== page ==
- The Arecibo Observatory is a radio telescope that hunts down dangerous asteroids and helps scientists search for extraterrestrial life.
- He just suffered his second catastrophic cable break in just three months.
- In August, an auxiliary cable broke and tore a hole in the observatory’s reflective dish.
- On Friday, a cable associated with the first broke and crashed into the antenna.
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A major astronomical observatory suffered its second disaster of the year.
In August, a 3-inch-thick auxiliary cable from the Arecibo Observatory came out of its socket and tore a 100-foot gash in the reflector dish below. Then on Friday night, a trunk cable broke off the same tower and crashed into the antenna, further damaging the panels as well as other cables.
Officials are investigating the new failure, although they do not yet know why the last cable broke. A press release from the University of Central Florida, which is cooperating with the telescope, suggests the break could be related to the additional weight the cable has carried since August.
The extent of the new damage was not immediately clear. No one was injured in either incident.
“It’s not good, but we remain committed to bringing the facility back online,” Observatory Director Francisco Cordova said in the statement. “It is too important a tool for the advancement of science. ”
Many people recognize the observatory from the James Bond film “GoldenEye”, but scientists know it for its contributions to planetary security and the search for alien life. Astronomers use the 20-acre radio telescope to study dangerous asteroids as they fly over Earth, hoping to identify space rocks on a collision course early enough to intervene before they strike.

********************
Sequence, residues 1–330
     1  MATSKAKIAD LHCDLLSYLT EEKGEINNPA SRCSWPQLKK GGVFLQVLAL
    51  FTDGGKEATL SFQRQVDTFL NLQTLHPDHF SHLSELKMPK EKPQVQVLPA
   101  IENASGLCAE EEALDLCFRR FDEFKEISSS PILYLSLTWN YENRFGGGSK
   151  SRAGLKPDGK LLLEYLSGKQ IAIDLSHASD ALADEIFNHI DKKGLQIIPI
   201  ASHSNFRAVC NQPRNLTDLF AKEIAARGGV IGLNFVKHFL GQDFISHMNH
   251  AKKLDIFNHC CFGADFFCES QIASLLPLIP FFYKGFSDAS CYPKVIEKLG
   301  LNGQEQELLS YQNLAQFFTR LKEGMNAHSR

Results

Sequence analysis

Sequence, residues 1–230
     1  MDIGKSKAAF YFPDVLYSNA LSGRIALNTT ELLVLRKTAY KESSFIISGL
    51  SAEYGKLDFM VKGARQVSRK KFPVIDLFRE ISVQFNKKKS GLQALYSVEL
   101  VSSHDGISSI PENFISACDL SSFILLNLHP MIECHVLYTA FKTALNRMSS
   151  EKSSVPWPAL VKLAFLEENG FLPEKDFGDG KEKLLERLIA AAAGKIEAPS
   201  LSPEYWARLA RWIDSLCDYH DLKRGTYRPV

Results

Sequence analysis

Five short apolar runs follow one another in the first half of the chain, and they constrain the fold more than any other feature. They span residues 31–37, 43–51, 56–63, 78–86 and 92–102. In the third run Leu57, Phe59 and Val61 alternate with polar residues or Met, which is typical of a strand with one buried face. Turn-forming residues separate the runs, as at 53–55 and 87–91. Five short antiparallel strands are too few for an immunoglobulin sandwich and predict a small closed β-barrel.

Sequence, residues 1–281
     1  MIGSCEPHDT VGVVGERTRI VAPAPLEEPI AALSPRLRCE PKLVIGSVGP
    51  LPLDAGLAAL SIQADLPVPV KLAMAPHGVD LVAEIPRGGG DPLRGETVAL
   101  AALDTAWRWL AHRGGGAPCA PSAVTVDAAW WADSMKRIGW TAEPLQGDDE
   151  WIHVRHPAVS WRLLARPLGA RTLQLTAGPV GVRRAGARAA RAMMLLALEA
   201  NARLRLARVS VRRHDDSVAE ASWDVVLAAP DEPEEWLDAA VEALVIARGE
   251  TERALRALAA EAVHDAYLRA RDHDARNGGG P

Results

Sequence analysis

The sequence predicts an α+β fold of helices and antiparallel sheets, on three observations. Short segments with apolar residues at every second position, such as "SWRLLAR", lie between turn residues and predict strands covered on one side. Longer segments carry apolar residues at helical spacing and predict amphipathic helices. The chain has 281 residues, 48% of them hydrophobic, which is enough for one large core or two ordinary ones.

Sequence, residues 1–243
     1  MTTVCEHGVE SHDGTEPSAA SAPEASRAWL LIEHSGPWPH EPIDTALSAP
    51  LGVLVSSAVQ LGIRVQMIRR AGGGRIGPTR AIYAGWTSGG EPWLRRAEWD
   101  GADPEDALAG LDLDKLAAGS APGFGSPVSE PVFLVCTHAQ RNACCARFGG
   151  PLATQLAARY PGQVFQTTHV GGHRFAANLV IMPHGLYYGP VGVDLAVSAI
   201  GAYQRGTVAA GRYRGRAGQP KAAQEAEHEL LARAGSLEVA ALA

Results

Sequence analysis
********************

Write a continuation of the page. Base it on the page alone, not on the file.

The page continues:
Scientists also used Arecibo to look for signs of intelligent alien life. In 1974, the Observatory aired the most powerful program ever sent by Earth to communicate with potential aliens. In 2016, it detected the first repeated rapid radio bursts – mysterious signals from space that scientists say now come from dead stars.
“Its sensitivity is so much greater than any other instrument and it is so much more flexible,” Joanna Rankin, radio astronomer at the University of Vermont, told Science, adding that Arecibo could see “from the stratosphere down to the top. edge of the universe. . ”
“It would be a huge shame if this were lost,” she said.
Repairs could cost tens of millions of dollars
Engineers had been ready to begin repairs to the August crash this week. But after the new failure, they work instead to secure and stabilize the structure of the observatory.
“The team hopes to be able to reduce the tension in the existing cables at the tower and install steel reinforcements to temporarily alleviate some of the additional load that is distributed among the remaining cables,” the statement said. ‘UCF.
Observatory officials also plan to speed up the delivery of two new cables they had already ordered. Experts will reassess what is needed to assess the structure in the coming days.
The university said there were currently no cost estimates for the necessary repairs.
In October, UCF requested $ 10.5 million from the National Science Foundation (NSF), which owns the observatory, for emergency repairs, Science reported. When the observatory was hit by Hurricanes Irma and Maria in 2017, the NSF granted $ 2 million to repair the damage.
The NSF allocated $ 12.3 million for repairs and infrastructure improvements over four years in 2019, UCF reported.
“We were thoughtful in our assessment and prioritized safety in planning the repairs that were to start on Tuesday. Now it is, ”Cordova said. “There is a lot of uncertainty until we can stabilize the structure. He has our full attention. We are assessing the situation with our experts and hope to have more to share soon. “